But we can find the same problems also in Europe, in countries like Hungary – where NGOs are threatened from closure. There are also populist movements all over Europe that seem to say that human rights are an issue from the past, but the opposite is true: social justice, human rights and accountability remain a better option than intolerance and arbitrariness!

What can be done to change the situation and to improve the Declaration?

The Declaration is fine. We do not need a new declaration, but rather action to protect it. We need States to stop seeing human rights defenders as a threat, but instead as a driving force of change. We need European countries to assume leadership – especially now that the US is losing its role – and to keep protecting defenders. Sadly, there is more and more talk in European capitals to lower the importance of human rights.

Regarding this matter, what has the OMCT done during these years?

Over the last twenty years, the OMCT has built up protection systems and pushed to make them play a more robust role. Every day each human rights defender threatened, detained or harassed needs protection. What matters the most to us is: how can we alert when a defender is threatened? It needs to happen often immediately,  because getting the news out can make the difference between life or death. Furthermore, States that think they can intimidate defenders have to know that it does not go unnoticed, but that there is a price to pay. This is why, in the last twenty years, the OMCT has developed a protection and SOS program called the ‘Observatory for the protection of human rights defenders’, thanks to which we know many of the women and men who work on sensitive torture cases that can come under threat in Chechnya, Burundi, Honduras and the Philippines.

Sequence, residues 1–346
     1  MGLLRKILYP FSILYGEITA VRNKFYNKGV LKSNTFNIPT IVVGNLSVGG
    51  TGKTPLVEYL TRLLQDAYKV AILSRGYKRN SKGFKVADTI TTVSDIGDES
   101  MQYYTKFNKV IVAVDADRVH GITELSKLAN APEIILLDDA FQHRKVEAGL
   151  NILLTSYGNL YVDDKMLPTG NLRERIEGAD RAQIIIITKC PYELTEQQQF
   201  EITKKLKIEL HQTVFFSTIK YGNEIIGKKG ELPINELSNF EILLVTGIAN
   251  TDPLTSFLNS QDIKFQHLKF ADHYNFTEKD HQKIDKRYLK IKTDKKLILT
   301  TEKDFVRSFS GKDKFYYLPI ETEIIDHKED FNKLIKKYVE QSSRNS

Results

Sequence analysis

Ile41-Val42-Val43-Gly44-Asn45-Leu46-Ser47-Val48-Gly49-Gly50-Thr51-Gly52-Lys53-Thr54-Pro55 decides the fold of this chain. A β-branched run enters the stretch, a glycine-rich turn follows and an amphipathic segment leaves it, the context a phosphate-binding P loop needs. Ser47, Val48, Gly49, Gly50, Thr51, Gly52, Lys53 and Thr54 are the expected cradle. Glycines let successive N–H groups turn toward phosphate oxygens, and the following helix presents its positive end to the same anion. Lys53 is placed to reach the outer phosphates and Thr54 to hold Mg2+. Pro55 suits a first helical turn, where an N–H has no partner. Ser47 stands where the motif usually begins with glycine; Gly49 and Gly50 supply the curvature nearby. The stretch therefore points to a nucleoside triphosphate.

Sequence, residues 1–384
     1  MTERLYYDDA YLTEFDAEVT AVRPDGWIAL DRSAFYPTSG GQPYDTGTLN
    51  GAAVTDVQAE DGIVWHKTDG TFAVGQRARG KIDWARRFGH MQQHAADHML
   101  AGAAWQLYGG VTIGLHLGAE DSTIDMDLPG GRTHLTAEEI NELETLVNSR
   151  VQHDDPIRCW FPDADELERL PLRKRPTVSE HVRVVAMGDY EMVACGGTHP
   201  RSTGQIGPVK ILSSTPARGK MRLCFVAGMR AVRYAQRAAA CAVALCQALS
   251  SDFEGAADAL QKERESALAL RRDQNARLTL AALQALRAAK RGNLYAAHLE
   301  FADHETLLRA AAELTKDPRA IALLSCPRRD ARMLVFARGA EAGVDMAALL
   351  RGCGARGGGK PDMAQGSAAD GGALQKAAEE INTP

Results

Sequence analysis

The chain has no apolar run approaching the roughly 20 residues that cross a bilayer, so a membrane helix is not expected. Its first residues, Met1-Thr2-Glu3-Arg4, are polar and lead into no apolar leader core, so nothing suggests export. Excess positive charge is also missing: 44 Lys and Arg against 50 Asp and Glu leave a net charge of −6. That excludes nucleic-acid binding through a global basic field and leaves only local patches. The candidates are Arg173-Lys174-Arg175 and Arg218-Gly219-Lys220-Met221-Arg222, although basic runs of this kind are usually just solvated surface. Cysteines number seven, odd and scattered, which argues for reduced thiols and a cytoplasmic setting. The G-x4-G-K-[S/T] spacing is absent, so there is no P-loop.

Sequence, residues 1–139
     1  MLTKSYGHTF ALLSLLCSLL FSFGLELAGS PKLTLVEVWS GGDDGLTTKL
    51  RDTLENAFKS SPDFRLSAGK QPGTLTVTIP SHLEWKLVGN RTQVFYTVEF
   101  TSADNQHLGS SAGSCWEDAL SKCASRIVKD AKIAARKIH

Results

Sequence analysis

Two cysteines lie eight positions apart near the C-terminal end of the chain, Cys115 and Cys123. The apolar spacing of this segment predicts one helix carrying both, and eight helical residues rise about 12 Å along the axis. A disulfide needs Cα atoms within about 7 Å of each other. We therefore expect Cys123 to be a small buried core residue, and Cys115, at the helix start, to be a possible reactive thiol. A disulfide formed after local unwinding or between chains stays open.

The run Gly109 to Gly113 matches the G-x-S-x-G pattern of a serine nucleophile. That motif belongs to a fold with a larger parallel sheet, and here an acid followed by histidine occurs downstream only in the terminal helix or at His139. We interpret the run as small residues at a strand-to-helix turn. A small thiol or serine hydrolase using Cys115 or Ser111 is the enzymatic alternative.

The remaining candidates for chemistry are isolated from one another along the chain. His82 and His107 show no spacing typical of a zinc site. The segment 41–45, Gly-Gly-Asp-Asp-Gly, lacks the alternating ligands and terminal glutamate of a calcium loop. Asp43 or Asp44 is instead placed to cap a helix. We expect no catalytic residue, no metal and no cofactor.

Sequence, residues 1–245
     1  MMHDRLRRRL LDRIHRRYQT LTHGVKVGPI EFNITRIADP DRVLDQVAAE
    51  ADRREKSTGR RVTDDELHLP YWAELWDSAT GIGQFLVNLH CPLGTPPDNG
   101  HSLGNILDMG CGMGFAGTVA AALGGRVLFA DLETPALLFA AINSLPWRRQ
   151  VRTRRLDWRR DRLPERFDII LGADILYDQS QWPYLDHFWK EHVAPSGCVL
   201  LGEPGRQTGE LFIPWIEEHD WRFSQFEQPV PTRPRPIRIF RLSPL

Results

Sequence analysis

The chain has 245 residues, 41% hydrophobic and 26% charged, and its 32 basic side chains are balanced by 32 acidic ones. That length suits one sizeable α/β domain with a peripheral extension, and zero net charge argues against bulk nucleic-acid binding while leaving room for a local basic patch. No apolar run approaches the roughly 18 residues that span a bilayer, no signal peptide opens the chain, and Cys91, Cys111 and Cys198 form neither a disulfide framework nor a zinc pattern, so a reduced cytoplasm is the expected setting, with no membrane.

Since 1985, the OMCT has fought against torture, summary executions, enforced disappearances and all other cruel, inhuman or degrading treatments. Which are now the countries where the Organization is actively working?

The OMCT works globally where torture and impunity rule. We are a rescue system wherever local action is under threat. We work in over 60 countries, protecting and assisting victims, supporting reforms to end torture, and building the capacity to protect. And obviously we help human rights defenders under threat because of what they do.

What are your goals for the next years? Which means do you think that have to be developed in order to achieve these goals? And is the international community giving you any support in these fights?

I think we have to invest and to double our efforts globally against the questioning of human rights. Human rights need enlightened governments but also, above all, local civil society to ensure that torture cannot be justified. Mobilizing as a network or a movement – this is our main task for the next years, as well as supporting partners, and driving back the discourse that torture can somehow be acceptable.

How is the situation in the European Union context and in EU countries?

On one side, the EU has made major inroads in establishing an EU human rights defenders protection mechanism, called, of which OMCT is a leading part. And defenders have a lot of hope in the solidarity of the EU with their cause. When we speak with our partners, we realize how much value and inspiration the EU creates. Sadly, the internal reality of the EU countries is often a depressing one: human rights have to be protected also at home. Also in Italy. It is up to us all!